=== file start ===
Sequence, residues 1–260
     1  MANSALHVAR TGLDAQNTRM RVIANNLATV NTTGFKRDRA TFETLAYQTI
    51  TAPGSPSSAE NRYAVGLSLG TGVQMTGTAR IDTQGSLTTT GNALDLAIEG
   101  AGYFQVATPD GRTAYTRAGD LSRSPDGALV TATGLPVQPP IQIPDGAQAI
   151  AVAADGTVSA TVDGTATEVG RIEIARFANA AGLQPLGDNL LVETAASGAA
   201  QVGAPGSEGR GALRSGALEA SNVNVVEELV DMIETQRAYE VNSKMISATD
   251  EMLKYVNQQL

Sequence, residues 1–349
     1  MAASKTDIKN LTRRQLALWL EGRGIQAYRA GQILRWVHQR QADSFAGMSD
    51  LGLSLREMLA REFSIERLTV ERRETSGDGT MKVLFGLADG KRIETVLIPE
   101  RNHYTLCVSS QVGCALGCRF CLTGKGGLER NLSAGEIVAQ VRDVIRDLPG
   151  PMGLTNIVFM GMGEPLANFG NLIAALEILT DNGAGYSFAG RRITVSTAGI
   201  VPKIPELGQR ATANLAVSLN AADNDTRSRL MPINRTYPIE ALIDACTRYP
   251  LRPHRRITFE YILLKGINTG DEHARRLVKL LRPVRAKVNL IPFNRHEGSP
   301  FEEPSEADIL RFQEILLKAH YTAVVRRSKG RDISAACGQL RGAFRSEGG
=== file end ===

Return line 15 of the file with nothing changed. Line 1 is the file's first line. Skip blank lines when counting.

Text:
   301  FEEPSEADIL RFQEILLKAH YTAVVRRSKG RDISAACGQL RGAFRSEGG